Yesterday we drove south along the Atlantic Coast through some really nice areas, especially Ponte Vedra. The dunes line the road, so we couldn't see the ocean most of the way, but we did see some impressive houses. Our destination was St. Augustine, a city I had heard about for years. From the city's web site, it looked like we might need more than one day to explore. There are museums galore, for instance. The surrounding area first explored in 1513 by Spanish explorer, Ponce de Leon, who was then the governor of nearby Puerto Rico. He claimed the region for the Spanish crown. The city itself was established in 1565 and has been ruled by the Spanish, the French, the British, the Spanish again, and in 1821 it finally became part of the United States.
This is one of the early gates that guarded the city.
Today the most obvious sight is trains like this,
which take tourists around the old town. They drop people off at each museum and other locations. I think buying a ticket on the train gets you into most of the museums. Since we wanted to walk around ourselves, we didn't get free admission. This is the "oldest school house museum" in the country, they say.
We didn't pay to go inside. We also didn't pay to go into a living history exhibit. We did explore the Saint Photios Greek Orthodox National Shrine and Saint Photios Chapel. A Scottish physician, Andrew Turnbull, received a grant from the government of Great Britain to settle land in its newly acquired property in Florida. His wife was the daughter of a Greek merchant in Smyrna, Asia Minor, and he believed people of the Mediterranean area were suited to the warm Florida climate.
On March 23, 1768, 1403 colonists sailed for Florida, to a settlement called New Smyrna. Only 1255 survived. They were not prepared for the harsh conditions as indentured servants or for clearing the swampland filled with alligators, poisonous snakes and mosquitoes. In just over two months, they revolted. The revolt did not bring about improvement and by the end of the first year, 450 men, women and children were reported dead. By March 1777 many of the settlers began leaving for St. Augustine, about 75 miles to the north. There the Greek settlers established the first permanent Greek settlement on this continent. The shrine and chapel celebrate that settlement. Isn't the chapel beautiful?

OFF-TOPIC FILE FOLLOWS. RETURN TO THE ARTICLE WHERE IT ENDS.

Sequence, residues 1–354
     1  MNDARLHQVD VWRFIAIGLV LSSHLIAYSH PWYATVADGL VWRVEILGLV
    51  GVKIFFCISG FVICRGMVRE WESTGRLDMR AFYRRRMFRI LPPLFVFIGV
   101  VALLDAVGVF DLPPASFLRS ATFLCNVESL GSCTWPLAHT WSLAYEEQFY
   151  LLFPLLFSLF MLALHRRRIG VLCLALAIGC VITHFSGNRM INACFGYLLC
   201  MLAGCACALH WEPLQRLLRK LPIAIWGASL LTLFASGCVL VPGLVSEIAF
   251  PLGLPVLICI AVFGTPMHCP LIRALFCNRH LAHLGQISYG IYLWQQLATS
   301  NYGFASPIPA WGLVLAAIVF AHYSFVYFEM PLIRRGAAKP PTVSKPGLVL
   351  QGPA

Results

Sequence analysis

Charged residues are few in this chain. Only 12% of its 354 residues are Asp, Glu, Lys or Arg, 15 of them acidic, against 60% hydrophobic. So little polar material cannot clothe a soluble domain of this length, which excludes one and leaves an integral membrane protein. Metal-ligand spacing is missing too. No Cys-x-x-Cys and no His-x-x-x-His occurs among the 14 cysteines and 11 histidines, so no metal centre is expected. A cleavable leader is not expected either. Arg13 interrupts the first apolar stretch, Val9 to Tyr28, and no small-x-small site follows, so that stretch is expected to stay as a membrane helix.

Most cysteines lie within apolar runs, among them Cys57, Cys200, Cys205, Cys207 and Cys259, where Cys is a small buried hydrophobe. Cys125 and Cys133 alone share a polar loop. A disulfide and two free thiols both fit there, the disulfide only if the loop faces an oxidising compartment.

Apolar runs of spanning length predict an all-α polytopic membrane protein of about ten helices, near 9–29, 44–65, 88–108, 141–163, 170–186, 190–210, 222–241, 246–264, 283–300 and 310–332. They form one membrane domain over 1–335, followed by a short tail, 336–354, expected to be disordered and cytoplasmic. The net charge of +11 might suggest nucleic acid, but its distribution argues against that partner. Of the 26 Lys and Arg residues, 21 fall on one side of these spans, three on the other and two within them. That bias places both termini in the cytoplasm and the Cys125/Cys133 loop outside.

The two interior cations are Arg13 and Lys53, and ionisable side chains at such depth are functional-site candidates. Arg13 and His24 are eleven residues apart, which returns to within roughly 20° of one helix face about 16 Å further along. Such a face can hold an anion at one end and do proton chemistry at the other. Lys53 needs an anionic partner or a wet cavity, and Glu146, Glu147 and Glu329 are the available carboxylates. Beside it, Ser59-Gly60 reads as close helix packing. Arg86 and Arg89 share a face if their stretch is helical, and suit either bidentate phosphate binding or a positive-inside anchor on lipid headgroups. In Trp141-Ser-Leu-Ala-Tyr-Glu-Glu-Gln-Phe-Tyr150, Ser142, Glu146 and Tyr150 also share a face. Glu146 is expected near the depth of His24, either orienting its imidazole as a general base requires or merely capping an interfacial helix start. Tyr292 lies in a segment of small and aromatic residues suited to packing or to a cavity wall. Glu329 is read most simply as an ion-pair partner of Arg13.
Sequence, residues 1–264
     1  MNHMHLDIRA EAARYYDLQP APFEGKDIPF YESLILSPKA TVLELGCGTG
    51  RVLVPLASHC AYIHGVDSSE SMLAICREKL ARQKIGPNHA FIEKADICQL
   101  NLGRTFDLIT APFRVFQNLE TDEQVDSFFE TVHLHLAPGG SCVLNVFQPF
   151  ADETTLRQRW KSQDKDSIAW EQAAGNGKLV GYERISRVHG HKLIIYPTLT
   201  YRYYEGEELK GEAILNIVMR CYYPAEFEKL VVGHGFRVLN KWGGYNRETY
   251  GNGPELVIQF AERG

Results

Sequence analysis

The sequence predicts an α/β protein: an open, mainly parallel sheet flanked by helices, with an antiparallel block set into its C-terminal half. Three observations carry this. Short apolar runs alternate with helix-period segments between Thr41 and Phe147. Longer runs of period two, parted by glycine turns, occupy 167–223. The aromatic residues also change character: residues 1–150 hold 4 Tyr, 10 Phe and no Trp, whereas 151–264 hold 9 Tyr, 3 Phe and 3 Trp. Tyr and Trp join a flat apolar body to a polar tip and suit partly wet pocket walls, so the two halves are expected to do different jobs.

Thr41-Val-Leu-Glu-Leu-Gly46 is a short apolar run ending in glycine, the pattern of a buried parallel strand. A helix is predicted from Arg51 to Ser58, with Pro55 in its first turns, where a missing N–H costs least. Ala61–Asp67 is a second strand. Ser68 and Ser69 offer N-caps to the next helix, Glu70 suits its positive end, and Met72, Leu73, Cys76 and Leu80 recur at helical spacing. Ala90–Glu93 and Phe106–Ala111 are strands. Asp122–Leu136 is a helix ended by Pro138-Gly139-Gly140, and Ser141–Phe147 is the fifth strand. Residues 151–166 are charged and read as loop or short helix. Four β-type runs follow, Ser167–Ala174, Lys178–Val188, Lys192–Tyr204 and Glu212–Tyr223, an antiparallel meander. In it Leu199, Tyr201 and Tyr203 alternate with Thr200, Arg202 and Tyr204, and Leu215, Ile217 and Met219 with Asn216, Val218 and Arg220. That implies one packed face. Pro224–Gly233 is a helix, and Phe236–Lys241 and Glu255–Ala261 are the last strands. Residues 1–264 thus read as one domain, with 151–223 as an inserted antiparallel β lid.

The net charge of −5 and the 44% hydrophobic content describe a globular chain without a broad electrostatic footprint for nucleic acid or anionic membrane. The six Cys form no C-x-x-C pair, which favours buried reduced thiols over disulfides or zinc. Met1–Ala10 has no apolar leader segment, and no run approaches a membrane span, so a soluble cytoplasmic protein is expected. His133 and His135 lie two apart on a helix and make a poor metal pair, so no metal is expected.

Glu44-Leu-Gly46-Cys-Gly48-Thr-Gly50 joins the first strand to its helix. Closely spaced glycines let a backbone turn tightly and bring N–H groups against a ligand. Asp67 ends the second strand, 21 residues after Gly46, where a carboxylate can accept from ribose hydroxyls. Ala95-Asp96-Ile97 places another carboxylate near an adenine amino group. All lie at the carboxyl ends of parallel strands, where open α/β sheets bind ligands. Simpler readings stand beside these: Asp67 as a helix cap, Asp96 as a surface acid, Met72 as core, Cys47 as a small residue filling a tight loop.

This is one of the numerous narrow lanes in the old town area of St. Augustine.
Some of the older (not oldest) buildings in town are really interesting, especially the tile work on the roofs. This is the Methodist Church. Click the photo to enlarge and look at the roof.
The Catholic cathedral looks much the same. Another old building has been converted to use as Flagler College. The tile on the tower here looks the same.
After leaving the city, we checked out the St. Augustine Lighthouse. That would cost $7 to go inside, so we didn't. We did take this photo. It is a great lighthouse.
Then we drove on 14 miles south to Fort Matanzas National Monument, built in 1740--42 by the Spanish to protect Matanzas Inlet, the "back door" of St. Augustine. Admission is free (even if you don't have a US senior pass). A free ferry takes tour participants across the inlet to the fort.
This is a view of the small fort from the water.
These are some of the guns that protected the fort and access to St. Augustine.
They were only fired once at British ships, in 1742. They drove the British ships away and no major attack was attempted on the facility after that.
This is kind of a cute guard house. But would it protect the soldier inside?
Here is where the soldiers slept.
We biked to the beach again last evening, then walked in the surf. Here are some of the gulls that kept us company. And note the large ship in the distance. We don't know what kind it is.
This morning we ran along the beach. I haven't been able to run for 10 days because of problems with my foot. I only made it about 1 1/2 miles this morning, but it sure was fun. There is no better place to run.